6

I have the impression one loses brownie points when posting an answer to a question that will obviously be closed in short order.

Where should one draw the line in deciding whether to post an answer to a gray-area unsuitable question?

How bad it is to post an answer to an unsuitable question?

I tend to do it out of a desire to help the person out who asked the question. On the one hand, I'm helping the individual by answering the question; on the other hand, I'm apparently diluting the effectiveness of the site. How much of one, how much of the other?

As an example, please see comment: https://english.stackexchange.com/questions/361461/mexican-newspaper-el-tiempo-or-the-mexican-newspaper-el-tiempo/361463?noredirect=1#comment841182_361463

In this example, it is safe to ignore the fact that my answer was not well documented. That's a clear boo-boo but that's not what I'm asking about.

I'm also not asking whether you agree with @EdwinAshworth who commented that particular question should be closed. Assume for the sake of argument that it should, but that it wasn't obvious enough to be closed very quickly.

  • 1
    I don't mind at all, and as you can see, my responses are gone as well. – deadrat Dec 4 '16 at 2:32
  • Once you've been a regular member on this website, you automatically know which questions are off-topic, which can be answered easily by a dictionary, and which that are LQQ but can be saved. This is where a good detailed and supported answer is pretty important. It's no longer about supplying a one line answer, it's about saying "I'm taking this question to the next level, so that it helps other users and not just the OP." – Mari-Lou A Dec 4 '16 at 8:08
  • Are you more interested in how bad it is or where should one draw the line? – Lawrence Dec 16 '16 at 12:14
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    @Lawrence - I haven't been able to find instructions as to whether it's kosher to post answers to questions of varying degrees of badness. What I've gleaned from this page, however, is that one might get a downvote here or there, but the primary consequence would be that experienced participants would tend to get irritated, because a poor quality question with an answer associated with it doesn't get automatically deleted through a process called "roomba," which I had never even heard of before I asked this question. // Please feel free to add any other information you think might be useful. – aparente001 Dec 16 '16 at 19:02
  • @aparente001 I might post some thoughts on this later. By the way, Roomba is a reference to a robot vacuum cleaner. – Lawrence Dec 16 '16 at 23:24
5

TL;DR: It totally depends. Only answer bad questions when you provide a good answer. Otherwise, keep it in the comments.

What would have been a great thing

If however you do see something interesting that might be of use to future visitors then yes please answer. But please answer with an explanation. Any answer on ELU should answer the why. If you had answered and explained why the definite article should be kept the answer alone would be a reason to keep the question as well. Have a look at answers from Sven Yargs or Araucaria who are just two examples of high reputation users who often try to find the redeemable in the questions and answer profoundly. We have a lot of bad questions on ELU that have been saved by good answers.

What happened in the example

I actually completely disagree with your assertion that the quality of the answer is not important. We do have some questions that are by quality of their content or other aspects simply bad. Your example has a trivial question. A question that you do not even answer at all. You should not answer such questions in this way.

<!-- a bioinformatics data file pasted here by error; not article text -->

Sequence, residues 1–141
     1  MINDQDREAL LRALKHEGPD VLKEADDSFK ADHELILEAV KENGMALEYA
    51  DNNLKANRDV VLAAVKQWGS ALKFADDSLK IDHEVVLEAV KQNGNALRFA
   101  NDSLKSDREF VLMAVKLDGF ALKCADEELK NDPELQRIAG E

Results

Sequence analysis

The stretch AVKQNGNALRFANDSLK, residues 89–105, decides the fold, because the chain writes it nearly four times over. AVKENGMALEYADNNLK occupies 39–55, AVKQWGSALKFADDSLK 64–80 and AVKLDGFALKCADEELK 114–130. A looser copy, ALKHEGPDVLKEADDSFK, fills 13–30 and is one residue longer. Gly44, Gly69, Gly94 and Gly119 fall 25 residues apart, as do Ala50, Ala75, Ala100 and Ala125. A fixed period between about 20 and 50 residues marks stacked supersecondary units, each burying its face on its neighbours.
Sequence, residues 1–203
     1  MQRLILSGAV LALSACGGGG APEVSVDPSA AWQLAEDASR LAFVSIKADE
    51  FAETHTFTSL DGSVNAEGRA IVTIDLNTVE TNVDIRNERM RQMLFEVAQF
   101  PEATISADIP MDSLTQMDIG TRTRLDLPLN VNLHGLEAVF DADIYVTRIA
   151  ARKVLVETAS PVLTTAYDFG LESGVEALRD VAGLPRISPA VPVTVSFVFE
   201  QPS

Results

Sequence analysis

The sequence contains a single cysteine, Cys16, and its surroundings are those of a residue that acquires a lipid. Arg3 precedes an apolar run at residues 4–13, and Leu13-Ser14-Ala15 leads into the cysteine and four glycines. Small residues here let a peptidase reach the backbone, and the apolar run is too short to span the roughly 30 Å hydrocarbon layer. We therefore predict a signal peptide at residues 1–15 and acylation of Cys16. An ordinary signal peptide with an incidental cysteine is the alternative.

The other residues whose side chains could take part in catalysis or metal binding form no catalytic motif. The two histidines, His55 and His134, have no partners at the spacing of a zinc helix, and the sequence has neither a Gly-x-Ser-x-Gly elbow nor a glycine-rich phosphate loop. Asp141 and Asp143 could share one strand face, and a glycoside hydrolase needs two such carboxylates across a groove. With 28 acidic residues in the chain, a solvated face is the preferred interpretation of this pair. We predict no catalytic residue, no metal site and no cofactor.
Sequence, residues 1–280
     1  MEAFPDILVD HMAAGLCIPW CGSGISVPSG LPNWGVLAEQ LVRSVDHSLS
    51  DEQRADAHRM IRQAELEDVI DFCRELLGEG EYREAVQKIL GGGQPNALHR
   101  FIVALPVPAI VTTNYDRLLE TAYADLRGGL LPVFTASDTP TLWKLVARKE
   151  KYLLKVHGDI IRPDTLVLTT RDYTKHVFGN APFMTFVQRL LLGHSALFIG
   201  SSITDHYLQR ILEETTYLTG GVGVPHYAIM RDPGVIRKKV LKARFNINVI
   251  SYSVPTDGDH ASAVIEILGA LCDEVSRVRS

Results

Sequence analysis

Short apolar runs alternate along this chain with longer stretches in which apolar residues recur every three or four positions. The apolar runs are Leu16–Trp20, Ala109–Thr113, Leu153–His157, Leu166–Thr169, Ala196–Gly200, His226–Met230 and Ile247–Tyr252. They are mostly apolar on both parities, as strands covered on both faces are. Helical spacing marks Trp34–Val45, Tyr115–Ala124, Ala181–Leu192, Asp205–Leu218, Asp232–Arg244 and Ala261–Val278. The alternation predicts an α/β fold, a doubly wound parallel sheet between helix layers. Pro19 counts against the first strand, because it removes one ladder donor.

That example now has a bad question and a bad answer that in no way addresses the question about the definite article. That is in my view a double no against answering that question that way.

The result is also that the amount of low quality posts was increased, the VLQ review queue was triggered for five reviewers and sabotaged the automatic roomba that is supposed to clean up the site because questions with answers are harder to get rid of than the ones without. You should never do that. If one wants to answer with a single sentence, keep it a comment.

  • I've just read your answer. I don't agree with the answer alone would be a reason to keep the question as well. An answer is irrelevant when deciding to close a question unless the question itself is edited. A question is close-voted based on the merits of the question, not those of an answer. Also, I don't understand what you mean by "the amount of shitty posts doubled". What do you mean by shitty posts? – user140086 Dec 4 '16 at 16:49
-3

I will propose a method to figure out whether it's okay to answer a gray-zone question. Feedback would be very welcome!

Suppose I read an iffy question that has received no answers yet. If it has at least one close-vote already, then don't write an answer, and wait and see if the question survives the challenge. Otherwise, evaluate the question to see if it is an obvious duplicate, poorly explained or documented, a proofreading request, or more suitable for ELL -- if so, vote to close with an appropriate reason. If not, it's okay to write an answer.

Example question: https://english.stackexchange.com/questions/361763/what-does-it-mean-by-lie-to-something

enter image description here

By my proposed algorithm, it would not be frowned upon to write an answer to such a question.

  • 1
    It's not easy to propose a method with one example question. Sometimes high-rep users answer off-topic questions and sometimes they post a negative comment to users who do the same thing. The biggest issue I see is there is no consistency on ELU. Just do what you think is right and don't do what you think is not right. Based on my experience and compared with a year ago, its freer to post an answer to off-topic questions now. That's for sure. One thing you need to make sure is write an answer with supporting links and references so that it won't be automatically flagged. Good luck. – user140086 Dec 4 '16 at 16:44
0

I was excoriated for doing so.

Let me say this in as a nice a way as possible: It is clear from the guidelines that this is not a place for people learning the English language to ask questions, especially if they are basic questions and/or they evince no research. Yet, my question to you is why do you keep answering such questions... one of many examples. This question should be close-voted for no research. It is actions like yours that only encourages more ELL questions here.

But it's worth pointing out that there might be a double standard. One of our most respected and knowledgeable members, a true linguist, also answered an off-topic question recently.

Propositional Logic Question